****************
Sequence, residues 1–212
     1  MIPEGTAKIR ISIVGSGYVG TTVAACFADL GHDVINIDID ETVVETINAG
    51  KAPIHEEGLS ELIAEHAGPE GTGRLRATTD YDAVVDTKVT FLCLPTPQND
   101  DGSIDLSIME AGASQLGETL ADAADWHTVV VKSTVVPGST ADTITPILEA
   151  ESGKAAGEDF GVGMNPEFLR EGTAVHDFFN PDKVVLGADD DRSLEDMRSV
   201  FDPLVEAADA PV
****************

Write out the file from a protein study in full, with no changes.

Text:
Sequence, residues 1–212
     1  MIPEGTAKIR ISIVGSGYVG TTVAACFADL GHDVINIDID ETVVETINAG
    51  KAPIHEEGLS ELIAEHAGPE GTGRLRATTD YDAVVDTKVT FLCLPTPQND
   101  DGSIDLSIME AGASQLGETL ADAADWHTVV VKSTVVPGST ADTITPILEA
   151  ESGKAAGEDF GVGMNPEFLR EGTAVHDFFN PDKVVLGADD DRSLEDMRSV
   201  FDPLVEAADA PV